Robot. From the beginning I have revolted against one word that consistently shows up everywhere in ParentLand – Routine. It is quite possibly because I hate routines myself, though I have also come to learn the value of having certain ones. But one blog I read actually said that a routine allows something like bedtime to function on, and I quote, “autopilot”. Haha, who are you and would you like to come to my house? And I suspect, many other houses as well? Autopilot??? I cannot think of a more soul-crushing word for a 3 or 4 year old. I understand the need to “get out the door” or to get to sleep before the alarm, but c’mon. Aren’t toddlers supposed to put the wrong shoes on their feet, put the sweater on inside out, or flat out refuse clothes? And teeth. I am happy to say that at 4 she now brushes and flosses. I am in shock that this happens. When she was 2-3, that was not quite the case. Someone well meaning suggested I give her a timeout in the morning – no playing until teeth were brushed. Um, do you not know me? So no, while she and I have established (some) routines that do help things along, there is little to no sense of going on autopilot here in this house. I am not Captain Von Trapp prior to meeting Maria.

So thank you to all the books and styles and methods, and advice. She is not, I am happy to say, a free-range Victorian robot. She knows how to critique a cartoon that is silly and she knows how to invent her own stories. She knows how to say please, thank you and you’re welcome, but we often move our food plate to another corner or chair in the house. She is happily covered in paint, glue, glitter more times a week than I care to count. And she knows how to keep it fun and real – from tiaras and wands to trucks and dinosaurs, she is already learning how to say yes, how to say no, how to ask if someone is feeling ok or is feeling better, and to solve problems on her own and to learn to ask for help. I believe these qualities will help her to better navigate the world she is going to inherit more so than any chart, schedule, or rigid rule ever will. Besides, don’t all dinosaurs love wearing tiaras while covered in glitter an hour past their bedtime?

Romance After Kids

Feeling nostalgic, I binge-watched some 80s and 90s movies the last few nights before my Hulu subscription expired. Okay, they weren’t just any 80s and 90s movies; they happened to be the movies I watched over and over and over again in my teenage years. I thought they depicted perfect love stories and I fantasized about having romances just like them. 

So as I watched the movies, one after another, I kept wondering what the hell was wrong with me back then. I thought I was a pretty level-headed teeanger. I was (and still am) a huge proponent of female empowerment. How on earth could I have ever believed these movies were romantic, let alone ideal depictions of love? They were vomit-worthy at best. They all had, while albeit handsome, romantic leading men that were self-absorbed and arrogant. For some reason these guys each felt the need to “prove” their love by punching out some other dude to come to the “rescue” of their leading lady. That’s not love. That’s chest puffing, appendage swinging male bravado sprinkled with anger management issues. You know, red flag/run for the hills kind of behavior? All of these guys displayed it. I can’t believe there was ever a time I bought into that crap. As for the female leading ladies? They had this facade of strength, but mostly they acted like brats with bad attitudes waiting for their men to save them and the day. Gag. Heave. Puke. Repeat.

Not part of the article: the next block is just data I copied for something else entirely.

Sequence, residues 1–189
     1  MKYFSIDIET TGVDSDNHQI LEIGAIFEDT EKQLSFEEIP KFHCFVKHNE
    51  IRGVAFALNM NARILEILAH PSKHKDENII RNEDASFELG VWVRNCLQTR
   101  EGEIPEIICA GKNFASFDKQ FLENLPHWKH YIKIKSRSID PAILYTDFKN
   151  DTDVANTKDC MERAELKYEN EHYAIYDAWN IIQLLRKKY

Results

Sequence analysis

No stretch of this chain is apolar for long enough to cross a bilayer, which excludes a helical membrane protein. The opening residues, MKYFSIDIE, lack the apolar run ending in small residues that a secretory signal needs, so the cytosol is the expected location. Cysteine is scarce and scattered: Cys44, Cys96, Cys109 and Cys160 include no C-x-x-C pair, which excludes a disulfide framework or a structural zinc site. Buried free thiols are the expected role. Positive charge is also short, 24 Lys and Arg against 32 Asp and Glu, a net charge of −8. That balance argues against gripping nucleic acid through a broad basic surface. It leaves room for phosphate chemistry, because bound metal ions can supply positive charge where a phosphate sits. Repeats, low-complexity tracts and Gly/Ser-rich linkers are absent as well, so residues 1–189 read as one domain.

It got me thinking about the things I find romantic after a dozen years of marriage with kids. Here’s what I came up with (in no particular order):

My hubby doing household chores. It’s simple. He tries to lighten the workload and I don’t feel like the family servant. Making a home-cooked meal for our family on his day off? Nice. When I leave the house in the morning with a dishwasher full of clean dishes and return in the afternoon to find he emptied it? Hot. When he takes the garbage out (instead of piling more junk on top of the overflowing trash bin and pushing it down so it’s impossible to get the damn bag out without ripping it to shreds)? Steaming hot.

No reason flowers (or ice cream). Truth be told, my husband is very good about buying me flowers. Valentine’s Day, birthday, Mother’s Day…he’s got it covered and I appreciate that. It’s when he comes home with flowers for absolutely no reason–well, that’s just sweet. Sometimes, I open the freezer and find my favorite chocolate peanut butter (dairy-free!) ice cream waiting for me. So lovely!

Being told I’m beautiful when I’m pretty sure I look like crap. Picture the Sunday morning still in my old, tattered PJs, threw my hair in a lopsided ponytail without brushing it, make-up free, sipping a cup of tea look. Inevitably, that’s when my husband walks over, caresses my cheek, and tells me I’m beautiful. It’s awfully kind of him.

Holding hands. My husband still reaches for my hand and it still warms my heart.

Sticking with it when it’s hard. Marriage is beautifully exhilarating, exciting, and exasperating all at the same time. There is no way two people can always think and want the same things. Sometimes compromise is easy and sometimes it’s hard. My hubby lives with my flaws and I live with his. There are definitely moments when we’ve both said the wrong things. We keep trying though and we don’t give up. We are in this together. Warts and all.